|Rebecca Pidgeon — Slingshot (2012)|
Rebecca Pidgeon — Slingshot
Born: October 10, 1965, Cambridge, Massachusetts, U.S
Location: Los Angeles, California, U.S
Album release: April 17th, 2012
Record Label: Decca Label Group
01 Get Up, Get Out 3:33
02 Sweet Hand of Mercy 4:29
03 Disintegration Man 5:01
04 A Lonely Place 3:34
05 Tremble 3:46
06 Baby Please Come Home Again 3:35
07 Kiss Me 5:02
08 Is Anyone? 3:24
09 I Still Feel That 4:28
10 I Loved No One 3:42
11 Searching For A Heart 3:31
12 Slingshot 3:46
13 You Are Not My Mistake 3:16
℗ 2011 Decca Label Group
¬ Critics are calling Slingshot, an intoxicatingly adult pop album that explores the intricate arc of love from desire to longing to despair. Rolling Stone calls Pidgeon one of those rare singers who conveys emotion purely... while the Chicago Tribune says Rebecca Pidgeon plays guitar and sings with appealing authority on her new album Slingshot, a stunning gathering of tunes. Other song standouts include the yearning Sweet Hand of Mercy, the electric, driving Disintegration Man, the jazzy, noir–ish A Lonely Place, and the plaintive Baby Please Come Home. Throughout, Pidgeon displays a newfound confidence in her songwriting and her warm, nuanced vocals.
¬ Working primarily with Klein and David Batteau on the kernel of the record, Pidgeon also penned tunes with Timothy Bracy and acclaimed singer/songwriter, Freedy Johnston including the deceptively jaunty, upbeat I Love No One. I loved writing with Freedy, she says. We [both] tend to like stories about being rather bleak. It seems more interesting.
¬ Slingshot includes a co–production between Pidgeon and her husband, Pulitzer Prize–winning playwright/film director David Mamet. The aching, largely a cappella Baby Please Come Home showcases Pidgeon s vulnerable, intimate vocals.
¬ The lone cover on the set is a stirring, poignant version of Warren Zevon s Searching For A Heart. The chord progression first attracted Pidgeon. Then I was drawn in by the lyrics. It s so enigmatic, she says. It sounds like it s so sparse, but it s so complex. Every time I sing the song, I get something different from what he s talking about. The song recently appeared in an episode of the USA Network TV drama, Covert Affairs, and drew a great response.
¬ Last year Pidgeon performed at Farm Aid alongside Neil Young, Dave Matthews, Willie Nelson and John Mellencamp; headlined the Wine, Women & Song tour, and toured with acclaimed veteran artist Keb Mo, opening for him during a series of dates at various Performing Arts Centers around the country. Rebecca has also shared stages with such artists as Aimee Mann, Madeleine Peyroux, and Jeffrey Gaines, to name a few.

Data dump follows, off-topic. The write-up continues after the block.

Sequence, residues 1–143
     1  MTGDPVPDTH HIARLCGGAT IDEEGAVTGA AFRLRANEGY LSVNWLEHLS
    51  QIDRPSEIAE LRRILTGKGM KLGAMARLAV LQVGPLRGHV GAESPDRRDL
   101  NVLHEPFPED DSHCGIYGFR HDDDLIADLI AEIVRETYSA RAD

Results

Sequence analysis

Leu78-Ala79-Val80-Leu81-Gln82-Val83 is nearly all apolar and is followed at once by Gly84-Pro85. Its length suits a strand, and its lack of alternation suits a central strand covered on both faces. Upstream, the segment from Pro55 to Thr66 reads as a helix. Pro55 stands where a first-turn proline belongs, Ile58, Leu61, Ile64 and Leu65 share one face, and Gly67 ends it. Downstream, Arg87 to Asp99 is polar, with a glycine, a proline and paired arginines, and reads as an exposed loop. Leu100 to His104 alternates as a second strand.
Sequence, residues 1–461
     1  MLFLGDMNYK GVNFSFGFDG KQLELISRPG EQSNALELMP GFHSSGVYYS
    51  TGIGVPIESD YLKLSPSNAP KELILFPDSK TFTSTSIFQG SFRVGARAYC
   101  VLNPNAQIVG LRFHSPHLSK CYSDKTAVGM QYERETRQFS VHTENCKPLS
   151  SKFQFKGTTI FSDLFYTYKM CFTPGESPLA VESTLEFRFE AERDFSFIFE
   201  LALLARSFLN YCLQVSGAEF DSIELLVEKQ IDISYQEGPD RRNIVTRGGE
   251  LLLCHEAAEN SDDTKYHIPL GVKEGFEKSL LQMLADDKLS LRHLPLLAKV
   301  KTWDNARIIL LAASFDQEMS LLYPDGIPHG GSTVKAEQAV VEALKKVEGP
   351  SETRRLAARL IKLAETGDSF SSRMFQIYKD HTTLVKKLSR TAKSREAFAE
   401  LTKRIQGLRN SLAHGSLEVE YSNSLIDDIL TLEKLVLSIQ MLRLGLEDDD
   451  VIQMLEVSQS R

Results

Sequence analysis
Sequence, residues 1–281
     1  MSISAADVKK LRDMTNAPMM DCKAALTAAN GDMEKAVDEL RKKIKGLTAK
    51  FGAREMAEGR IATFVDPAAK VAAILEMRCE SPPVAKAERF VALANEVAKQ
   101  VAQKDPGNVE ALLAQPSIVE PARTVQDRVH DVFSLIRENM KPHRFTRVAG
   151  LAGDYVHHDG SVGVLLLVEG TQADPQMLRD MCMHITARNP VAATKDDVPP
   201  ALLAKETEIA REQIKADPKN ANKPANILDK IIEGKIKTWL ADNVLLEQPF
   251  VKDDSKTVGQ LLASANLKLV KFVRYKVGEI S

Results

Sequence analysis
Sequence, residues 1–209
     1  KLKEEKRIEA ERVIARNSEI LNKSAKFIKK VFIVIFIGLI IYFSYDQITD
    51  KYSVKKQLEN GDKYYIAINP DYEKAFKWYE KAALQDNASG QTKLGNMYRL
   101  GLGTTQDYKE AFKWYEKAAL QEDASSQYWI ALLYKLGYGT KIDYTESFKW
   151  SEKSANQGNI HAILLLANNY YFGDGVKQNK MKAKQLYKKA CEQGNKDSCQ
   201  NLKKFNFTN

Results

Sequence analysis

¬ She’s been recording music for more than 20 years, but acclaimed singer–songwriter Rebecca Pidgeon had a creative breakthrough as she began working on the album “Slingshot,” her compelling sixth solo effort.
¬ “I reached a point where I felt I had to take it more seriously and really make a 100% commitment to it, instead of saying this is something I do that’s not acting,” says Pidgeon. “I finally said to myself, ‘I am a singer and I’m really going to work on my voice. I’m really going to work on my playing, and I’m really going to own it’.”
¬ Pidgeon does, indeed, “own it” on “Slingshot,” an intoxicatingly adult pop album that explores the intricate arc of love from desire to longing to despair. “I love the concept of the word ‘slingshot.’ It’s arresting. It’s such an unusual word to have in a love song,” she says of the buoyant title track: “‘I’m the rock and you’re the slingshot and you sling me into the stratosphere of joy’.”
¬ Other standouts include the yearning “Sweet Hand of Mercy,” that recalls Joan Osborne; the electric, driving “Disintegration Man,” the jazzy, noir-ish “A Lonely Place,” and the plaintive “Baby Please Come Home.” Throughout, Pidgeon displays a newfound confidence in her songwriting and her warm, nuanced vocals.
¬ The deeply melodic “Slingshot” marks the third time Pidgeon and Grammy-winning producer Larry Klein (Joni Mitchell, Madeleine Peyroux, Herbie Hancock) have collaborated together. The two made an often intentionally quiet album that compellingly beckons the listener to lean in and pay attention. “There’s a simplicity and air and space to it,” she says. “That was a conscious decision.”
¬ After decades of renown as a film and TV actress, Rebecca Pidgeon displays a new level of creative commitment in these tracks, aided by the well–tailored production of Larry Klein. Slingshot seems a good opportunity for Pidgeon to introduce herself to a wider audience — its songs are heartfelt and perceptive, combining stubborn idealism with a mature perspective. Polished pop/rock sounds and simmering rhythms reinforce the yearning spirit within “Get Up Get Out,” “Tremble,” and a poignant cover of Warren Zevon’s “Searching for a Heart.” Pidgeon’s coolly alluring vocals (somewhere between Jewel and Dido in texture) bring out the gospel shadings of “Sweet Hand of Mercy” and strike a playful stance in “I Loved No One.” The most assertive track is the sardonic “Disintegration Man,” a sendup of a messianic superstar with a bluesy bite. Playwright/film director David Mamet (Rebecca’s husband) helps out as cowriter of the haunting country ballad “Baby Please Come Home Again” and coproducer of the uplifting title tune. Slingshot is an album of wisdom and feeling, the work of an artist hitting her stride.
• The Raven (1994)
• The New York Girl’s Club (1996)
• The Four Marys (1998)
• Retrospective (2003)
• Tough on Crime (2005)
• Behind the Velvet Curtain (2008)
• Slingshot (2012)
|Rebecca Pidgeon — Slingshot (2012)|